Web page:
There are no good solutions to having a mentally impaired candidate. Any one of the above choices sets the race up for an unexpected shock, especially since Biden’s condition has been largely covered up by a compliant media. Investors should brace for a shock on this front in the coming weeks.
What’s in the mail?
Another shock in the making is Election Day chaos resulting from the surge in mail-in ballots. These are not traditional absentee ballots that have long been used and have proved useful. This involves 10s of millions of mail-in ballots intended to replace polling places and voting booths.
We can leave aside the issue of fraud in mail-in ballots (that’s a big issue but will likely not arise on Election Day itself; it can take weeks or months to identify and investigate such cases).
The immediate problem is counting the ballots. Many mail-in ballots arrive at the last minute or even after Election Day. There will be issues concerning postmarks, matching signatures, timely delivery, and the sheer time it takes to open the mail and visually inspect each ballot.
This mail-in ballot chaos won’t matter in states such as California or New York, where Trump has almost no chance to win. The mail-in ballots will affect the final vote count, but they won’t affect the election winner because those states are solidly in the Biden column.
But it could be crucial in swing states such as Michigan, where Trump won in 2016 by 10,700 votes, and where millions of mail-in ballots are expected to be cast. What this means is that the election will not be decided on Election Day; it may take days or weeks to count the ballots and announce the winner in key states that will determine the electoral outcome.
The election won’t be over on 4 November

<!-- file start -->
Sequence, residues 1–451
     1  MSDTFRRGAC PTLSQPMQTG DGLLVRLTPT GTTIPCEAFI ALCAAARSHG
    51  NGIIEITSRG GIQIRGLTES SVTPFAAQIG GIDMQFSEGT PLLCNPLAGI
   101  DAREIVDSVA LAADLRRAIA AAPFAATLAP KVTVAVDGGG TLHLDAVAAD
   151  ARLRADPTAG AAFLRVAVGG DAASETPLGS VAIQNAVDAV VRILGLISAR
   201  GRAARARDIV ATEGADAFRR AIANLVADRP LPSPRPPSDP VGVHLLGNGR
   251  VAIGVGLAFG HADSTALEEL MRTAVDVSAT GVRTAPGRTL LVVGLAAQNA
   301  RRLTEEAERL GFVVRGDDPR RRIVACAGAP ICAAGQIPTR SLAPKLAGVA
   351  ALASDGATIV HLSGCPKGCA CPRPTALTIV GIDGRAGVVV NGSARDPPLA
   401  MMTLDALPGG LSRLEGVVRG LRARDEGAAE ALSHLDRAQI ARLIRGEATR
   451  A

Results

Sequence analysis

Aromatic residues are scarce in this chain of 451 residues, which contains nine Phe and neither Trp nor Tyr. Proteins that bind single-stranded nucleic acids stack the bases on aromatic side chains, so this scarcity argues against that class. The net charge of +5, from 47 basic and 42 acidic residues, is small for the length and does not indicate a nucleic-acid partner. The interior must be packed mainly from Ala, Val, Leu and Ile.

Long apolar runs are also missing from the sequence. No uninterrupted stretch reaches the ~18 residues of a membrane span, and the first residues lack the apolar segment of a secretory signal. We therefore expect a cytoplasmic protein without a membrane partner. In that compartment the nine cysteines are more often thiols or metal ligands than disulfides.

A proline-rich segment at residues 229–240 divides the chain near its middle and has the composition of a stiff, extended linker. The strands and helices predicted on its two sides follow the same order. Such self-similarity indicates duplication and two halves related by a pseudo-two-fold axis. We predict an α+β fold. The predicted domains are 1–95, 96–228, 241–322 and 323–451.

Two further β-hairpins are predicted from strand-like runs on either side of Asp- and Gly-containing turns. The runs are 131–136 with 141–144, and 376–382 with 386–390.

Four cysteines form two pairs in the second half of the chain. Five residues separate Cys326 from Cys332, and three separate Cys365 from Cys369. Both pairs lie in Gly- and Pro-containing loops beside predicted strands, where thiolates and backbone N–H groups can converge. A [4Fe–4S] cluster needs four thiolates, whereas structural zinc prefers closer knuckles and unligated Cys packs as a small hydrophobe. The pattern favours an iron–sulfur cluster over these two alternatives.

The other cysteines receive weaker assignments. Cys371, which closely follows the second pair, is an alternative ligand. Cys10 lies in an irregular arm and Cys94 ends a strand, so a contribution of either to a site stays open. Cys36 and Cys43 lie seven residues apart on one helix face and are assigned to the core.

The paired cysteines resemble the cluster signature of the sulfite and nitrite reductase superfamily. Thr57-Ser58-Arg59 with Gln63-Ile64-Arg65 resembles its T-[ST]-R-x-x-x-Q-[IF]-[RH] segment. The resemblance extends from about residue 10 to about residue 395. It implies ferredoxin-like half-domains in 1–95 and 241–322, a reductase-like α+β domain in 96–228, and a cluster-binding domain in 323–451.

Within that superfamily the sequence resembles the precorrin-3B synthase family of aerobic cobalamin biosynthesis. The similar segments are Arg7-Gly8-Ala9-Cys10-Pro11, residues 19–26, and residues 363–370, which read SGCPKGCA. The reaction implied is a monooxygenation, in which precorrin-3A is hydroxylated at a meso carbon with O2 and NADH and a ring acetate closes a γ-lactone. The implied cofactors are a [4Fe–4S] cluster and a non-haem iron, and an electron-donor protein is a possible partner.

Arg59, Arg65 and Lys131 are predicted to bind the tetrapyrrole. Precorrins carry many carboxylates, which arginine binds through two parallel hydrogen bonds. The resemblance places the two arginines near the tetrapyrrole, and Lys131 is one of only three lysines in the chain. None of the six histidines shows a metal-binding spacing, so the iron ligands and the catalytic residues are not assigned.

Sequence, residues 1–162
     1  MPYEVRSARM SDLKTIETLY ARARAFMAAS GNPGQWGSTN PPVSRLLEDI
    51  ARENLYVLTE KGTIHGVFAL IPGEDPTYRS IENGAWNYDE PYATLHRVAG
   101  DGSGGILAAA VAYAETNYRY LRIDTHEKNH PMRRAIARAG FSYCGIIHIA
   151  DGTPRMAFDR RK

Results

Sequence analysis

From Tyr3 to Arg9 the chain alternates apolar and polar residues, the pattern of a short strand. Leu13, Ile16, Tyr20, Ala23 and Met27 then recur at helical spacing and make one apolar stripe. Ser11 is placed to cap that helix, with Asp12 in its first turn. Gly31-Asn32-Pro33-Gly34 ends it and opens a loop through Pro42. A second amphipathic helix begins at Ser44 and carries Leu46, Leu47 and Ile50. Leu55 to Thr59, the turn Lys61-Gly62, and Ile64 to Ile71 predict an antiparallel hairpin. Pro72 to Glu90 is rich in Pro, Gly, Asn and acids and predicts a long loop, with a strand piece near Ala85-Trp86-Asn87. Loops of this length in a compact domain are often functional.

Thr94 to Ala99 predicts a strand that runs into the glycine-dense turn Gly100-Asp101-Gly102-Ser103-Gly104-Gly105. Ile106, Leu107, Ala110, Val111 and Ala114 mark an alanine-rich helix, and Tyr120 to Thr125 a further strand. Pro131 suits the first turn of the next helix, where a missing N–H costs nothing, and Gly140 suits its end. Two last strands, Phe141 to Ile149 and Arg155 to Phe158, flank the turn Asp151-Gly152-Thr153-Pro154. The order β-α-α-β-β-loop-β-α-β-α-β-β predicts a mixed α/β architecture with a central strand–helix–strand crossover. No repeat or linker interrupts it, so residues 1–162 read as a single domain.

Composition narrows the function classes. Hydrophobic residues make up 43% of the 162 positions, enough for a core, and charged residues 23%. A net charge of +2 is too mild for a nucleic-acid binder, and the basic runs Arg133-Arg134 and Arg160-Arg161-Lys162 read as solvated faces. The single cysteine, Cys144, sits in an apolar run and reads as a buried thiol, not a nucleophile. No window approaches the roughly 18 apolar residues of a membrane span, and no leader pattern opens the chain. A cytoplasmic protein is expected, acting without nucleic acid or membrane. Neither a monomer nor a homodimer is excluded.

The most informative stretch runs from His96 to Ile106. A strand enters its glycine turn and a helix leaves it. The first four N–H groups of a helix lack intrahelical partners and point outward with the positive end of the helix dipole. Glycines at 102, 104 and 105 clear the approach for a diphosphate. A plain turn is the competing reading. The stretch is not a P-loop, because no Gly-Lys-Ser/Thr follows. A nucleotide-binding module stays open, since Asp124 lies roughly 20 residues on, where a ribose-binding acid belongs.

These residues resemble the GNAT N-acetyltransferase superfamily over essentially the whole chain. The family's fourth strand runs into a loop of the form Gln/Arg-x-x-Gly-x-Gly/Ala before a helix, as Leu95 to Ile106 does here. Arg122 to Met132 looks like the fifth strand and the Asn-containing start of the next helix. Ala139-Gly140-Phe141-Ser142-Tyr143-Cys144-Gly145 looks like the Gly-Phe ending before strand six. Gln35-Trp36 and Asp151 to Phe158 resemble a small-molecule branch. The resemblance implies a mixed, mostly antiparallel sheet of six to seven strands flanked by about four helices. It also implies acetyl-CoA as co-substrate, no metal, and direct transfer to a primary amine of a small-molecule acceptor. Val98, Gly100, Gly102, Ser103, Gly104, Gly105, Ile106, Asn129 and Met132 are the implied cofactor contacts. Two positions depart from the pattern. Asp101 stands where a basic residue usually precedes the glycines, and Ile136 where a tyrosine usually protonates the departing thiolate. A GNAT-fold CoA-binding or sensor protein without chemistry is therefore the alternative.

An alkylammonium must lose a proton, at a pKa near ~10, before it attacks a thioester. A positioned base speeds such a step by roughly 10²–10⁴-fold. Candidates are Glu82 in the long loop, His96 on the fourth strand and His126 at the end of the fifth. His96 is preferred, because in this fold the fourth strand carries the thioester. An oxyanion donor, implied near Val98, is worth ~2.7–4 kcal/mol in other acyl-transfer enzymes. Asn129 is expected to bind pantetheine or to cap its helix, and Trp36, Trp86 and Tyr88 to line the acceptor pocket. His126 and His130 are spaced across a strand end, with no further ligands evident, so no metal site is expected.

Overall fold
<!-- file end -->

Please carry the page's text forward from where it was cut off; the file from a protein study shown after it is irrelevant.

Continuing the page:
Is there anything on the horizon worse than chaos on Election Day? Yes, it’s the prospect of chaos on the day after.
The Marxist Black Lives Matter faction and the neo-fascist Antifa goon squads are preparing for a possible Trump victory. For them, it will be a vindication of their view that American democracy is inherently flawed, and the only solution is to destroy the system and start over.
The destruction will begin within 24 hours of a Trump victory in cities all over the US. The bottom line for investors is that the next 39 days will be among the most volatile in US political history. An uncertain election outcome with extreme differences between the candidates would be enough to cause market volatility.
When one factors in a possible candidate switch, Biden’s cognitive decline, a delayed result due to mail-in ballots, refusal to concede the outcome, coast-to-coast election litigation, and widespread riots, investors are facing a minefield of hidden dangers and catastrophic outcomes.
Cash will preserve wealth and reduce portfolio volatility. Gold will provide a built-in hedge to adverse outcomes. Reductions in equity allocations will also reduce investor exposure to this litany of unexpected and shocking outcomes.
The countdown is on
As I’ve shown over a series of recent Daily Reckoning Australia editions, the weight of evidence supports the conclusion that Trump will win a second term on 3 November 2020.
Still, we have a little over a month until the election and a lot can happen. Right now, Trump is ahead. We’ll see how he finishes in the stretch.
All the best,
Strategist, The Daily Reckoning Australia